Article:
SHEFFIELD — A first in the county, LoCo Yaks is offering adaptive kayaking equipment.
Thanks to grants from the Ohio Department of National Resources and Western Reserve Land Conservancy and a private donation, the Lorain-based paddlesport organization will be able to accommodate kayakers with an array of needs, including those in wheelchairs or with limited use of their limbs or missing limbs.
Stephanee Moore Koscho and her husband, Robb Koscho, spent Saturday afternoon with their friend Megan Hammond, of Lakewood, demonstrating the new equipment at the Backpackers Shop in Sheffield.
“We’re American Canoe Association-certified instructors and in 2015 they had their first-ever adaptive paddling summit,” Robb Koscho explained. “They brought in people in business, people that make products for the adaptive sports world, people that are occupational therapists and stuff of that nature. Once I saw it I was very, very motivated, and Stephanee and I knew exactly what we wanted to do, and it’s taken some time.”
To qualify for the ODNR grant, which paid for two of the kayaks including a tandem model (Western Reserve bought one kayak), LoCo Yaks will offer eight adaptive classes over the next two years. They are able to take up to three people for each class; for those 18 and younger, a parent or guardian would need to be present.
To participate — if someone has not paddled with LoCo Yaks before — attendees must be able to demonstrate several simple, safety-conscious tasks, including being able to hold their breath underwater for a period of time and the ability to roll themselves over in a pool from a face-down position. From there, the adaptations a person needs is customized for them. The second session is a group trip to a body of water those in the class agree on.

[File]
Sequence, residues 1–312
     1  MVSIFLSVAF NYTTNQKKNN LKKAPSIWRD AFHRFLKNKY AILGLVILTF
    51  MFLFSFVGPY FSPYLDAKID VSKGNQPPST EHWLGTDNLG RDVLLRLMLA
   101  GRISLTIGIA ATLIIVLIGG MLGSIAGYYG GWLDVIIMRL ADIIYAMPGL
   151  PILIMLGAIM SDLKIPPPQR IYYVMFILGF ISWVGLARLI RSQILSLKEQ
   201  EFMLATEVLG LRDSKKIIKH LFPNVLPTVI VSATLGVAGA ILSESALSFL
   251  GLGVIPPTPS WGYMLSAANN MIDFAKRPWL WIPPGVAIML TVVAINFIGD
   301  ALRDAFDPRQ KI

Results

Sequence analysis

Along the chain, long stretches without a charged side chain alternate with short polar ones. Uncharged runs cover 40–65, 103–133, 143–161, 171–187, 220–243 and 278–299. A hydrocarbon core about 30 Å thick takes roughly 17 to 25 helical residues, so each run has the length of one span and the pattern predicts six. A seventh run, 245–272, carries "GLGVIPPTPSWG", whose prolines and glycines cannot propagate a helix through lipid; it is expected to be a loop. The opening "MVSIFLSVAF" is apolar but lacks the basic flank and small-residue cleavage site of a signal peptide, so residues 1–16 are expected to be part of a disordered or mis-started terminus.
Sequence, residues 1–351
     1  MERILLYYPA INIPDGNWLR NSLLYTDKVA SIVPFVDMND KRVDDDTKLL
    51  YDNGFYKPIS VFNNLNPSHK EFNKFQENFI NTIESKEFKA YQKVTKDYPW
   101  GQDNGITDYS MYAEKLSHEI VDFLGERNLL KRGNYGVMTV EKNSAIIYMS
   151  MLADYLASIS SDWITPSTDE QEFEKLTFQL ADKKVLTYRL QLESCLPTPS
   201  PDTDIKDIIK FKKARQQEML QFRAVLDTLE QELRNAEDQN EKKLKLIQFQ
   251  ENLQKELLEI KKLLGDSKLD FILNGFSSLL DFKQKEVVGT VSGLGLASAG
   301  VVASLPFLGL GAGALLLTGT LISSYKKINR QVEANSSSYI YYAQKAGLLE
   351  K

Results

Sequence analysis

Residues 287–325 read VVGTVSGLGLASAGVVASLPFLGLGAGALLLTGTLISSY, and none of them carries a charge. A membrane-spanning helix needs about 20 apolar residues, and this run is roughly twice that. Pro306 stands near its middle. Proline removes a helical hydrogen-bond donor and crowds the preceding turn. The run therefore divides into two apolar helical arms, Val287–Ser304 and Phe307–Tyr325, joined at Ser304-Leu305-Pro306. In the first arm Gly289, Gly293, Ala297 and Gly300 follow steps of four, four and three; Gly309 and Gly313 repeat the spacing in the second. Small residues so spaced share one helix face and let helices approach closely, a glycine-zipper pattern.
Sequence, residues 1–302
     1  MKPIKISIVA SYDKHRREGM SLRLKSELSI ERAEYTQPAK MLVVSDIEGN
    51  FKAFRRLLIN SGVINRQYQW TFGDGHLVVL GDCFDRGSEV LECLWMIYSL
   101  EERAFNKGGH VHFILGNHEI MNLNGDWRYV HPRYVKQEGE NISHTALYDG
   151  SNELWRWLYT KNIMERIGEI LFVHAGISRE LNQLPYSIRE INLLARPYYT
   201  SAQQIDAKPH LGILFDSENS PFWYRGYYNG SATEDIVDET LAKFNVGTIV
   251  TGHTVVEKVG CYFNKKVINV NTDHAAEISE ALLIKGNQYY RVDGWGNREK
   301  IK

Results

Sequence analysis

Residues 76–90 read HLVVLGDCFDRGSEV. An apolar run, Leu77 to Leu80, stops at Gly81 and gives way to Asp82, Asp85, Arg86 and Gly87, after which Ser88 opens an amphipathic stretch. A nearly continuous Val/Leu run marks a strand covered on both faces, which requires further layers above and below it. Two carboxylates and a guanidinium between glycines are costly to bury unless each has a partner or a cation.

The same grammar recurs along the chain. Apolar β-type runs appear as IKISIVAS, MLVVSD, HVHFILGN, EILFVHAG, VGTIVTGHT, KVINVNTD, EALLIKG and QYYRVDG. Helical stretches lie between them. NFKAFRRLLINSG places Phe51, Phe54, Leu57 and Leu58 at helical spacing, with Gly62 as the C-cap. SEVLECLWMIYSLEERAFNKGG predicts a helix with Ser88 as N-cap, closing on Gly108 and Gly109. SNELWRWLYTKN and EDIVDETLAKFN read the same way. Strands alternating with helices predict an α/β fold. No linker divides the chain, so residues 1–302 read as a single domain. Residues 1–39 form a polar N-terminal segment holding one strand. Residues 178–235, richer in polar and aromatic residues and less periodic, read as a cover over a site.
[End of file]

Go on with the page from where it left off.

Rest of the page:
“The kayaking part of it’s not really different, as far as the skills,” Stephanee Moore Koscho said of becoming an endorsed instructor. “It’s more about making sure the kayak fits the person and can hold them properly if they need extra back support to hold them up or if they need help with the paddle and some kind of adaptation ... whatever the case may be to get them comfortable in the boat.”
Hammond demonstrated using a transfer table to get in and out of the kayak with little assistance. A board with a handle and seat allows her to slide herself out of her wheelchair and into the kayak; the only assistance she needs with the seat is to move part of it out of the way for her to slide into the kayak. Then the kayak is pushed into the water.
Without the specialized equipment, Hammond said, kayakers could use foam to help provide support, but the process takes a lot longer to get ready.
Growing up boating with her family, Hammond said she had her first adaptive paddling workshop about seven years ago and knew being able to move herself in her own boat was what she wanted to do. Using any opportunity to do it, she said the equipment LoCo Yaks now offers is amazing.
“Being out on the water, you don’t know — depending on the adaptations — you don’t know who has a disability and who doesn’t,” she said. “So for me to get out there, not in my wheelchair and people don’t know I use my wheelchair, it’s just a great, freeing feeling. I feel normal in my wheelchair, since it’s who I am, but it’s a different sense of normal.”
Moore Koscho said classes are $165 for two sessions, though they are looking for other support to help attendees cover the cost. Stephanee and Robb are both certified in the program by the American Canoe Association, a national nonprofit focusing on paddlesport education.
For more information on LoCo Yaks and their adaptive paddling program, email email@example.com or call (440) 308-7296.